It would be an understatement to say the last few weeks have been harsh for biotech investors. However, I have used the dip to purchase beaten down companies that have upcoming catalysts and nice growing revenue from approved drugs. Medivation is a no brainer to buy at current levels as prostate cancer drug Xtandi revenue is growing substantially and management has built a nice mature low risk pipeline.
Acorda Therapeutics Inc (NASDAQ:ACOR) is another name I’ve bought into heavily over the last several weeks. Acorda’s stock has been stagnant for months as worries mounted regarding the validity of the patents protecting their multiple sclerosis (MS) drug Ampyra, which is expected to bring in over $400 Million in revenue this year. In accordance, the short float is extremely high at ~25% of shares. Many investors, like myself, were wary of investing in Acorda until there was more clarity on the direction the patent litigation would go. The direction is now clear. Acorda recently got a huge win with the USPTO’s decision to not institute inter partes review ((IPR)) on two of their main Ampyra patents and yesterday it was announced that generic drug behemoth Actavis (ACT) has agreed to settle their litigation with Acorda and not launch any generic of Ampyra until 2027, when the latest patent protecting the drug expires. Acorda is now significantly undervalued. With clarity on the strength of Acorda’s patent portfolio covering Ampyra, annual drug revenue over $400M, a strong drug pipeline, and a market cap of only $1.3B, I’m loading up on the stock as a short squeeze is now imminent.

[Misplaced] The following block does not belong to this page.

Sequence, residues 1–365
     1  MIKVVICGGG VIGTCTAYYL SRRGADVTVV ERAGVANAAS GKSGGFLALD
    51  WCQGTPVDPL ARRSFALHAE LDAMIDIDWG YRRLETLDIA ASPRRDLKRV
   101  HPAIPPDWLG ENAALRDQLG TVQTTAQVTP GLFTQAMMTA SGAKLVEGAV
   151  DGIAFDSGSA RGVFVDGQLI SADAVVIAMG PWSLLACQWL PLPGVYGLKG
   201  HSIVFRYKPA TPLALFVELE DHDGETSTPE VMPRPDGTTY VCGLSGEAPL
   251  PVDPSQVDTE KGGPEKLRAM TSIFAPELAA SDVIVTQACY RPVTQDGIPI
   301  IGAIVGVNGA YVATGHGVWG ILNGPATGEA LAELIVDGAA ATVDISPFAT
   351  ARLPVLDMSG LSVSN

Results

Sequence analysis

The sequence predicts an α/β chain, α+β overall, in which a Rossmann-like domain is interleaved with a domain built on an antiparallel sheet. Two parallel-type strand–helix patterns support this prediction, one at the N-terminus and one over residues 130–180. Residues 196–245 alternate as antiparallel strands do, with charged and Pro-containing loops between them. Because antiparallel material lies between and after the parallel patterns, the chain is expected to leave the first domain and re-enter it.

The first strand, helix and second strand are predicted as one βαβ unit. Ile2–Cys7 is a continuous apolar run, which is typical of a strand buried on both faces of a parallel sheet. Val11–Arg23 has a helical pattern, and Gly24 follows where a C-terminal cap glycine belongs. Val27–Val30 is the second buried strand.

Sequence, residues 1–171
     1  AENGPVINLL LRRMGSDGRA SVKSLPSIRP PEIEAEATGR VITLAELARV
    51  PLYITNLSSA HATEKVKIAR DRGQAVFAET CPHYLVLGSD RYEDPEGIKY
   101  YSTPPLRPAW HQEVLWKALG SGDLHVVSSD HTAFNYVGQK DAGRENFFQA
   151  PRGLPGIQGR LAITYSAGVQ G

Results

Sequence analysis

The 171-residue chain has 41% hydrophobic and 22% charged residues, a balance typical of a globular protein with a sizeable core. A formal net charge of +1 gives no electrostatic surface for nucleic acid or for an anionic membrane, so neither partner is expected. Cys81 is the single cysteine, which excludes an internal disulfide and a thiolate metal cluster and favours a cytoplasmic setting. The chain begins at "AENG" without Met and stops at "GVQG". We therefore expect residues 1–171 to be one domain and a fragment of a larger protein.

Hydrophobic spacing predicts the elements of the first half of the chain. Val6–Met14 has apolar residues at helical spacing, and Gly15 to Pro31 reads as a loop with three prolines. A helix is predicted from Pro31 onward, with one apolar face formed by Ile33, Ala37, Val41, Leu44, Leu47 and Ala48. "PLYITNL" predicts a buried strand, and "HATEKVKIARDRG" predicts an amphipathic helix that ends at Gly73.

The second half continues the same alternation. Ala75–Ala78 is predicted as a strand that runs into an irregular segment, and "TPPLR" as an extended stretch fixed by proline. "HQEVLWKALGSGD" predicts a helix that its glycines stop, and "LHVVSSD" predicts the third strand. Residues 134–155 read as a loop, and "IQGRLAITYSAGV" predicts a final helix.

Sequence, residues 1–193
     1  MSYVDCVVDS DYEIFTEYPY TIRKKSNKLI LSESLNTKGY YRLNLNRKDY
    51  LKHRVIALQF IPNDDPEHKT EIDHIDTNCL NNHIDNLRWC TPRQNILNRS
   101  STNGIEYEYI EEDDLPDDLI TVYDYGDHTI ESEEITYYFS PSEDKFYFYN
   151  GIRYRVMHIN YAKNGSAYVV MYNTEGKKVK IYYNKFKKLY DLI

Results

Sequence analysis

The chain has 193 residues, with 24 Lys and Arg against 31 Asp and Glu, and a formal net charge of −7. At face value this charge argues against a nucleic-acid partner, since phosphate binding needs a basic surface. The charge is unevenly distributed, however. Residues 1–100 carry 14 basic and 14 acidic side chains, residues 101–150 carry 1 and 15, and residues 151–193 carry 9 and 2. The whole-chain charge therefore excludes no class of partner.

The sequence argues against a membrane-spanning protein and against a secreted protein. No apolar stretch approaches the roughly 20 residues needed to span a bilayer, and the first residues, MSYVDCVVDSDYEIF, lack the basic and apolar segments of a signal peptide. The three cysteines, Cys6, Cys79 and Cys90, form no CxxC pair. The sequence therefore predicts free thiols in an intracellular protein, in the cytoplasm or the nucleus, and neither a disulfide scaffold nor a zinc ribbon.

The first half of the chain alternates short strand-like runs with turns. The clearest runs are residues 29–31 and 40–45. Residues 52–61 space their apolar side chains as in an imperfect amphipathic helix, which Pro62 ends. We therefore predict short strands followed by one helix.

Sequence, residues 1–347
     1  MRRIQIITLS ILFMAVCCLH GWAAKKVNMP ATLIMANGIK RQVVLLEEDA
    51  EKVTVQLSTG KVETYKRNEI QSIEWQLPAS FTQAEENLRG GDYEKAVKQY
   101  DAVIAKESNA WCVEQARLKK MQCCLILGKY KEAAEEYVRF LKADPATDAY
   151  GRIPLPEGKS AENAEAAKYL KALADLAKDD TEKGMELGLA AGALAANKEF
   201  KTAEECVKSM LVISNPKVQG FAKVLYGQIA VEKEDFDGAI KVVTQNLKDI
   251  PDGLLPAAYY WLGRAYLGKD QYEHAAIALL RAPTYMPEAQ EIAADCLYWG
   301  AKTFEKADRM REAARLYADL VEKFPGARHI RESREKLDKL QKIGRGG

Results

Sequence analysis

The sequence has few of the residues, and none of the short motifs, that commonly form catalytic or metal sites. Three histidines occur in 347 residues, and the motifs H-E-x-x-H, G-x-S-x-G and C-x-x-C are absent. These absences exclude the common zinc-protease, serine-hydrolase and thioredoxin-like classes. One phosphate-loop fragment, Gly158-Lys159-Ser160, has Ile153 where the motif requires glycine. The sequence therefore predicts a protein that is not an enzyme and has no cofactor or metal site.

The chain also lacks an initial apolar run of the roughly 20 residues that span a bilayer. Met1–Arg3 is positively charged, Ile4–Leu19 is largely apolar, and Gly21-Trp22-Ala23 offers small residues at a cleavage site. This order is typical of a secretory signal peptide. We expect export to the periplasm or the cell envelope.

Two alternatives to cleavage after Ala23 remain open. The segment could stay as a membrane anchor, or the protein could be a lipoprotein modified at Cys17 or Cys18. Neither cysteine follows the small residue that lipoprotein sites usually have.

Ampyra and Mature Pipeline Significantly Undervalued
Ampyra, a drug that improves walking in patients with MS, was approved by the FDA in the beginning of 2010 and sales have been on an upward trajectory since.
*Graph made in Microsoft Excel
Management has estimated the drug will bring in $410-420M in 2015, which is on the high end of previous estimates. This accounts for the majority of Acorda’s revenue and is responsible for fueling the company and development of their pipeline. RBC Capital Markets analyst Michael Lee stated in a recent note to investors that Ampyra sales alone for the MS indication should be worth $35-44 per share. With the stock price hovering around $30, investors can see how big a steal the current price is.
I’m not going to dive deep into the details of each drug in the pipeline, but it is fair to say the company has developed an impressive pipeline that focuses mainly on neurological conditions.